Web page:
Ranging from fighting the validity of the traffic stop to arguing for reduced charges, there are several options for you to talk over with an attorney before your court date.
In this article, we’ll discuss various ways you can argue for reduced reckless driving charges in Virginia.
However, keep in mind that this is just an overview of a few common ways to reduce the charges.
When it comes to developing a legal strategy for your specific case, you should always discuss your case with an attorney before appearing in court.
Reckless and Improper Driving in Virginia
One of the most common ways to fight for a reduced sentence in Virginia is to argue for lower charges, such as improper driving.
Virginia has some of the harshest reckless driving laws in the country.
By default, Virginia considers any of the following acts to be reckless driving:
- Driving more than 20 mph over the speed limit, OR faster than 80 mph total.
- Failing to maintain control of the vehicle you are driving (including any failure to maintain safety equipment, such as brakes).
- Driving in a way that endangers others, regardless of speed.
Reckless driving almost always entails substantial penalties, even for a first offense.
In rare cases, you may be fined up to $2,500, and sentenced to up to a year of jail time.
However, it is much more likely that you will face a smaller fine and perform community service.
In most cases, the bigger concern is losing your license.
Because a reckless driving conviction can add six points to your driver’s license, it can easily put you over the threshold for suspension.
Furthermore, the judge overseeing your case can decide to suspend your license even if you are under this 12-point threshold.
To avoid this, you can argue to have your charges reduced to improper driving, or present mitigating evidence to fight against the license suspension.
After you’ve been charged with reckless driving, the judge or Commonwealth Attorney overseeing your case may choose to downgrade the charge to improper driving.
Under the Virginia Code, improper driving is only a traffic infraction, not a misdemeanor.
This means that, at most, you will have to pay a fine of up to $500, although smaller fines are more common.
In addition, improper driving is only worth three points on your driver’s license.
This makes it much less likely that you will lose your license due to a charge of improper driving.
Arguing for a Reduction
According to the law, improper driving describes a case of reckless driving where “the degree of culpability is slight.”
Of course, the interpretation of this law is ultimately up to the judge.
However, there are a few specific circumstances that can work either for or against you when it comes to improper driving charges.
Negligence and Intentional Reckless Driving
Often, a judge will choose to reduce a first-time offender’s reckless driving charges based on whether or not they intended to drive recklessly.
If the court determines that you were only accidentally negligent, the judge may decide to reduce your charges.
However, if the evidence shows that you were deliberately reckless, a reduction is very unlikely.
Typically, “negligent” driving refers to driving in a way that endangers the lives of others in a way that might not be obvious to the driver.
For example, driving over the speed limit, but non-aggressively and with the flow of traffic, is usually considered to be “negligent” instead of “reckless.”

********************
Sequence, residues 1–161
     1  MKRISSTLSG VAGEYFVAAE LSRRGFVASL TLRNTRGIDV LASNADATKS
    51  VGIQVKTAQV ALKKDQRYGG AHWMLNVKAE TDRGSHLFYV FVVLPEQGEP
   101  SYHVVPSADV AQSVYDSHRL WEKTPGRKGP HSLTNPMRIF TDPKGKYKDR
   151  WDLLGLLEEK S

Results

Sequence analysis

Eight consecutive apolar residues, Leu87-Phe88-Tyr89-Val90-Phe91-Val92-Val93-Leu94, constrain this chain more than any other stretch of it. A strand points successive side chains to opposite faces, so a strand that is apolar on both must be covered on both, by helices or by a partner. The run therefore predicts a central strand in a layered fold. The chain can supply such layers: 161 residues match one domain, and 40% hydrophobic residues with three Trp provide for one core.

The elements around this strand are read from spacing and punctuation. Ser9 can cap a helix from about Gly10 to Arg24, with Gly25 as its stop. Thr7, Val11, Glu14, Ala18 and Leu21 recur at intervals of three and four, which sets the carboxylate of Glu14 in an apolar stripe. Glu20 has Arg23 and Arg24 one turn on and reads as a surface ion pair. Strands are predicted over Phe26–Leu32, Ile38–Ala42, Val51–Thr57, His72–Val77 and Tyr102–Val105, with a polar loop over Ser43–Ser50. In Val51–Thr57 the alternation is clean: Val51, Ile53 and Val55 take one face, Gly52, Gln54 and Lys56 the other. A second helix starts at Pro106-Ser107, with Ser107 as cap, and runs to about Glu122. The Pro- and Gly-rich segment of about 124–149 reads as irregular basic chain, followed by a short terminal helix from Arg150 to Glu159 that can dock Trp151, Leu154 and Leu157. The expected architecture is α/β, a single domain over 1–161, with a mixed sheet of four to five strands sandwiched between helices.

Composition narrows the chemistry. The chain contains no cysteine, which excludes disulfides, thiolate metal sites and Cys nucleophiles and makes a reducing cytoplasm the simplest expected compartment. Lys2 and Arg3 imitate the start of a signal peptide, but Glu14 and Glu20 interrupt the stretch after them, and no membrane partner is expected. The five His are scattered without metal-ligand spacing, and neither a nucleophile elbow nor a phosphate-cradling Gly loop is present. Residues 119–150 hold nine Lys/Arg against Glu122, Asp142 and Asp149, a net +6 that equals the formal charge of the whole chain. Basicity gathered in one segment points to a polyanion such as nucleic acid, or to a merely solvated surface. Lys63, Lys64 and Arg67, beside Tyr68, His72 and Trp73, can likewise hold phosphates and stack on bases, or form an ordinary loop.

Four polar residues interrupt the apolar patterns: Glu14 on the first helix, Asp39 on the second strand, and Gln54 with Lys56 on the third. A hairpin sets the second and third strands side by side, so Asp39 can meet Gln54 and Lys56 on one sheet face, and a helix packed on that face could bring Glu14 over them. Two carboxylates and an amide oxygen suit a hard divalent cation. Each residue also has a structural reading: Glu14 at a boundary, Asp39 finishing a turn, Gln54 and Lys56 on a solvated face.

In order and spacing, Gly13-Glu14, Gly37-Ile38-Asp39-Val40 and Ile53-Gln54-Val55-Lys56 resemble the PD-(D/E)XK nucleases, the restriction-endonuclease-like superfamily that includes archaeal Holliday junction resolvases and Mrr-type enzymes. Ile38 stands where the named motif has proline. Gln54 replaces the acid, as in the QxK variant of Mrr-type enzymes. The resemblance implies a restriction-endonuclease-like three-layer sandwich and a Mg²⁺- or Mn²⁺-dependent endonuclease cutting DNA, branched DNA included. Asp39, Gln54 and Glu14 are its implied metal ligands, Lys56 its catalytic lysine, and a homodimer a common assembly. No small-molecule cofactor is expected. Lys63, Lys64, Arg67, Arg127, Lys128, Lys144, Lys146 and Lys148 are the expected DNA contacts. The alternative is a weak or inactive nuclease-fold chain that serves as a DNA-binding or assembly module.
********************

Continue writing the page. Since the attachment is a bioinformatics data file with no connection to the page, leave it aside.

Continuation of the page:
On the other hand, very aggressive driving may be seen as deliberately reckless.
For example, if you were weaving in and out of lanes while going faster than 95 miles per hour, the judge will likely consider your actions to be intentionally reckless.
Of course, there are considerable grey areas between these extremes.
In such cases, having a good Virginia traffic lawyer representing you can make all the difference.
Driver Improvement Clinics and Community Service
Sometimes, a judge may decide to reduce your charges in exchange for having you complete a driver improvement clinic.
If the judge agrees to this, you will then attend the clinic for several weeks.
When you are finished, the judge will often reduce the charges or drop them entirely.
However, keep in mind that not all judges allow people charged with reckless driving to reduce their charges in this way.
Depending on the judge, attending a clinic before your court date can either help or hurt your case.
The same can be true of performing community service before your court date.
For this reason, you should always consult with your lawyer before attending a driver improvement clinic or performing community service.
Reduction to a Speeding Ticket
Finally, if the speed you were driving at is the only reason you were charged with reckless driving, the judge may decide to reduce your charges even further to a simple speeding ticket.
However, you should note that, in some cases, a speeding ticket can actually be worse than an improper driving charge.
In particular, a speeding ticket is worth four points on your record, while improper driving is only worth three.
For this reason, it’s sometimes better to see if you can get the charges reduced to improper driving instead.
While the fines for a speeding ticket may be lower, sometimes the one-point difference can save you from losing your license in the future.
Above all, reckless driving cases are complicated.
Since reduction cases often center on the discretion of a particular judge or court, you’ll want to talk over your strategy with someone who has experience in your ticket’s jurisdiction.
For this reason, it is always in your best interests to find an experienced, local traffic lawyer.
By hiring a knowledgeable attorney, you can develop a plan to get your charges reduced or even dropped entirely long before you step into the court room.